Welcoming the Class of 2024: Courtney Cotsonas

When Courtney Cotsonas starts classes at the University of Minnesota Medical School, Duluth Campus this fall, it won’t be the first time she’s stepped foot into a medical school.

“My mom is a pediatrician, and she started medical school when I was four years old. I remember running around the halls of her medical school like a wild child,” Cotsonas said.

Her mother’s passion for medicine, now Cotsonas’, stems from a long bloodline of family members, dating back to Cotsonas’ great-great-great grandfather who served as the shaman of the Inupiaq Tribe in Point Hope, Alaska. Her aunts also served as traditional healers in the tribe.

“I think my family history is part of the reason why I’ve always felt a natural magnetism toward the field,” Cotsonas said. “But, my mom was actually raised in the foster care system, and so we didn’t find out about this history until later in her life. I’m really excited to learn more about Native American medicine in particular.”

For this reason, the Medical School’s Duluth campus was Costonas’ first pick when she considered where to study medicine. While interviewing, she recognized their special dedication to teaching about Native American medicine and serving tribal communities—a rare opportunity to explore an unfamiliar part of her ancestry.

“I couldn’t get that anywhere else, so I wanted to jump on that opportunity if given,” she said. “I also love that it was a smaller campus with a smaller learning community to start out. When I interviewed, the medical students described the support and the way that they felt the curriculum and the faculty prepared them not only to pass their boards but to excel in the clinical realm. It felt like a true sense of community. I got the offer call four days before Christmas, and I thought it was the most perfect present ever.”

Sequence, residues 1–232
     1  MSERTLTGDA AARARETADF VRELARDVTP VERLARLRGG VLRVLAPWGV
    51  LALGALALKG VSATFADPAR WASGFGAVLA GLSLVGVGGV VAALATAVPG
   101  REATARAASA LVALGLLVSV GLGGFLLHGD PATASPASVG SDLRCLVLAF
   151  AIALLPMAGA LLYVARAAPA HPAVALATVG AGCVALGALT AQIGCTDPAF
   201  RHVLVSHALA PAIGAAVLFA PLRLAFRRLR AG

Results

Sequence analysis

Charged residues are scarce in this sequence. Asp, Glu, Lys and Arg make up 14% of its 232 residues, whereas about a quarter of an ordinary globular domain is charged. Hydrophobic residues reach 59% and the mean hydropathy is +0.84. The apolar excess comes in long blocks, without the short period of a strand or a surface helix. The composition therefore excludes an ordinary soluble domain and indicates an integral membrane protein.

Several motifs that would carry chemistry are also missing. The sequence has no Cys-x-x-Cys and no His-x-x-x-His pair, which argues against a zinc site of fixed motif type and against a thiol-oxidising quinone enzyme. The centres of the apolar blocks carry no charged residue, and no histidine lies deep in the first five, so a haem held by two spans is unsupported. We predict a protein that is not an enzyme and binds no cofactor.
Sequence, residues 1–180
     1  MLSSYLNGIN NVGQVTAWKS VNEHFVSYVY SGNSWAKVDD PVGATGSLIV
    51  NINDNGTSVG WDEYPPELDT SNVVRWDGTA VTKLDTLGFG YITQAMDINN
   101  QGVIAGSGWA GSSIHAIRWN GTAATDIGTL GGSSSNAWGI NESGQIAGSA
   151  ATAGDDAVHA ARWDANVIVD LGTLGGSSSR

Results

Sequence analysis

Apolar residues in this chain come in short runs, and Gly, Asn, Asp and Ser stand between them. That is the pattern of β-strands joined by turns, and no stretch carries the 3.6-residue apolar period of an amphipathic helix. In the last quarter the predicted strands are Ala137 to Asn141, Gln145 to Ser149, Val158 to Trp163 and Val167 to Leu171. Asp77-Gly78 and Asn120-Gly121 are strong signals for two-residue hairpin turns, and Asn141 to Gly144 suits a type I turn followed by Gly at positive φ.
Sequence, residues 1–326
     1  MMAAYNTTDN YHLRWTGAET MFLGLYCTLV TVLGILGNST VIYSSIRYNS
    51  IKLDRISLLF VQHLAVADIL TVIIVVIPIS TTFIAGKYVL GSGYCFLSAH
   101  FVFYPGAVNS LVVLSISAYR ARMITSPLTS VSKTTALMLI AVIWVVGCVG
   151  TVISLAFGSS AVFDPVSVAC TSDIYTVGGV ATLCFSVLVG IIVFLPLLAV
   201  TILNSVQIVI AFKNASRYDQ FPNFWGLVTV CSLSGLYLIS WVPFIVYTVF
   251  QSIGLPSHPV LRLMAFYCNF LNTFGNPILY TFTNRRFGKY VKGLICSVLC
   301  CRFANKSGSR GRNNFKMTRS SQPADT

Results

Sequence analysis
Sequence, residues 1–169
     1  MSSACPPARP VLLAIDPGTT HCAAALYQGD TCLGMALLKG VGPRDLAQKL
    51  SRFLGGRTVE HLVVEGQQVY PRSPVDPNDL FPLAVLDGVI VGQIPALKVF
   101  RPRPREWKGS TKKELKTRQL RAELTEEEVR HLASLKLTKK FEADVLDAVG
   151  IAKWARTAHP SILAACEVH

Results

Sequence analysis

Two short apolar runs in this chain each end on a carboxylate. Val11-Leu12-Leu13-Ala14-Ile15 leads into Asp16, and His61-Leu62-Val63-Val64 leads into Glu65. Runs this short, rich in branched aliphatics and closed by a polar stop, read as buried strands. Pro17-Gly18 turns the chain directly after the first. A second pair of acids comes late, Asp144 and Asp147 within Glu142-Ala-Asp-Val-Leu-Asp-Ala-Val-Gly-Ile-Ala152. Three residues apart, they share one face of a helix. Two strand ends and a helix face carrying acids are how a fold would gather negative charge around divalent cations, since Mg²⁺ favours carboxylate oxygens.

Though she has lived in 12 cities and nine different states, she claims San Diego—the city she was born in—as her hometown. There, for the last year and half, Cotsonas worked as medical scribe for a federally qualified health center, serving the homeless, undocumented and uninsured and growing a deeper interest in underserved clinical community medicine.

“The most meaningful mentorship that I had was with Dr. Irene Zink in San Diego,” Cotsonas said. “The greatest part of her care was that she treated everyone like they were her family member. She always took the opportunity to sit down with the patient and get at eye-level. I’ve always thought I might want to do underserved community medicine, but really being submerged in it and seeing how much she valued what I added—she just taught me so much, and I’m ready to jump into the clinic.”

Cotsonas hopes to complete some of her clinical studies in Alaska, ideally arranging her later-year course electives with Indian Health Services and tribal communities in Anchorage. 

“I’m looking forward to experience working in the clinic in those rural aspects, and then also getting the urban aspect of the Twin Cities,” Cotsonas said. “I’m really excited that I’m going to get a strong clinical education in a variety of settings, environments and communities, and at the end of it, I just hope to become the doctor that I’ve always dreamed of being.”

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